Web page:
James the Less, Andrew, James the Greater, and Bartholomew, were also consecrated. I saw likewise that on Peter’s bosom he crossed a sort of stole worn round the neck, whilst on the others he simply placed it crosswise, from the right shoulder to the left side. I do not know whether this was done at the time of the institution of the Blessed Sacrament, or only for the anointing.
   I understood that Jesus communicated to them by this unction something essential and supernatural, beyond my power to describe. He told them that when they should have received the Holy Spirit they were to consecrate the bread and wine, and anoint the other Apostles. It was made known to me then that, on the day of Pentecost, Peter and John imposed their hands upon the other Apostles, and a week later upon several of the disciples. After the Resurrection, John gave the Adorable Sacrament for the first time to the Blessed Virgin. This event was solemnised as a festival among the Apostles. It is a festival no longer kept in the Church on earth, but I see it celebrated in the Church triumphant. For the first few days after Pentecost I saw only Peter and John consecrate the Blessed Eucharist, but after that the others also consecrated.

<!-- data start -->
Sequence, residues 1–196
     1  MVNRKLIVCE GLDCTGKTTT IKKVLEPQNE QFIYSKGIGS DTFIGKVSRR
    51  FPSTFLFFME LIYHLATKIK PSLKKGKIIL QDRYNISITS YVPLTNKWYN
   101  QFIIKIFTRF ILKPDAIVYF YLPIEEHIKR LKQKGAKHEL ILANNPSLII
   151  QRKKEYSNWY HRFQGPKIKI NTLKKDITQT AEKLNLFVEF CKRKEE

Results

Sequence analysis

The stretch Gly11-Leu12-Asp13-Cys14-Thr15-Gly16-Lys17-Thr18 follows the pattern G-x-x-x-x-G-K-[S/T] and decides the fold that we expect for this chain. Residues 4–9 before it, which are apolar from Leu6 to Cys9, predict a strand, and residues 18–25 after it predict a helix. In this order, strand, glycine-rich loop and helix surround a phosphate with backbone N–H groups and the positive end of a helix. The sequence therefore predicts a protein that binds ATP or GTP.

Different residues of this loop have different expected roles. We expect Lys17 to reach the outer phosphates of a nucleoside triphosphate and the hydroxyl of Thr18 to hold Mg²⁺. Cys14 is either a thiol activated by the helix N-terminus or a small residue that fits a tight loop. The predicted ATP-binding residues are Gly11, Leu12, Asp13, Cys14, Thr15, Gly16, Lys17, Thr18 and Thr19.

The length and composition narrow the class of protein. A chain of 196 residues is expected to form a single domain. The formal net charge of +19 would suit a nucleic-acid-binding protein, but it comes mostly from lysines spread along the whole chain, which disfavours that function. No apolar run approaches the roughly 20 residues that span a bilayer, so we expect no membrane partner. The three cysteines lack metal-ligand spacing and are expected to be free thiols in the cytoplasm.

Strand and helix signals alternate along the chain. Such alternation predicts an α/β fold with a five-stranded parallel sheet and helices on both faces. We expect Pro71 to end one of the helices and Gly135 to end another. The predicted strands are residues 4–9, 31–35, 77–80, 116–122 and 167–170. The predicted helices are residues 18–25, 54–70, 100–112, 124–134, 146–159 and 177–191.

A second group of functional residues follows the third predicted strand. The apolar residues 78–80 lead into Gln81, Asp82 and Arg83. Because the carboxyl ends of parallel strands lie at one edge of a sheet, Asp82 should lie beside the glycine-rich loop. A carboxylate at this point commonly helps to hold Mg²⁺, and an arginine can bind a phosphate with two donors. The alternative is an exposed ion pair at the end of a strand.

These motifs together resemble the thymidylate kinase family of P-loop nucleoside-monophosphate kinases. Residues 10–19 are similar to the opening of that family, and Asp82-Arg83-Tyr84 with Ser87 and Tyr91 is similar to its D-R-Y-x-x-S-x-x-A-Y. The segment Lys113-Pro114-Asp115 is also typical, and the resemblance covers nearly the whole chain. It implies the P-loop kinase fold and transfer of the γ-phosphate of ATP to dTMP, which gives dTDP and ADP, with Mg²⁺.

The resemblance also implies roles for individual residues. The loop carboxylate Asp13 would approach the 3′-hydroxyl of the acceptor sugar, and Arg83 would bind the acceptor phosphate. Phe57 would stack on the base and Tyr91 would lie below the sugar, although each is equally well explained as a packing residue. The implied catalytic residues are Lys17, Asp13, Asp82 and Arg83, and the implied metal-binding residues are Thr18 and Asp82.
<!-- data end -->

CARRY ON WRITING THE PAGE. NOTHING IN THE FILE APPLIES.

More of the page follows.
Our Lord next proceeded to bless fire in a brass vessel and care was taken that it should not go out, but it was kept near the spot where the Blessed Sacrament had been deposited, in one division of the ancient Paschal hearth, and fire was always taken from it when needed for spiritual purposes.
 

   All that Jesus did upon this occasion was done in private, and taught equally in private. The Church has retained all that was essential of these secret instructions, and, under the inspiration of the Holy Ghost, developed and adapted them to all her requirements.
   Whether Peter and John were both consecrated bishops, or Peter alone as bishop and John as priest, or to what dignity the other four Apostles were raised, I cannot pretend to say. But the different ways in which our Lord arranged the Apostles’ stoles appear to indicate different degrees of consecration.
   When these holy ceremonies were concluded, the chalice (near which the blessed Chrism also stood) was recovered, and the Adorable Sacrament carried by Peter and John into the back part of the room, which was divided off by a curtain, and from thenceforth became the Sanctuary. The spot where the Blessed Sacrament was deposited was not very far above the Paschal stove. Joseph of Arimathea and Nicodemus took care of the Sanctuary and of the supper-room during the absence of the Apostles.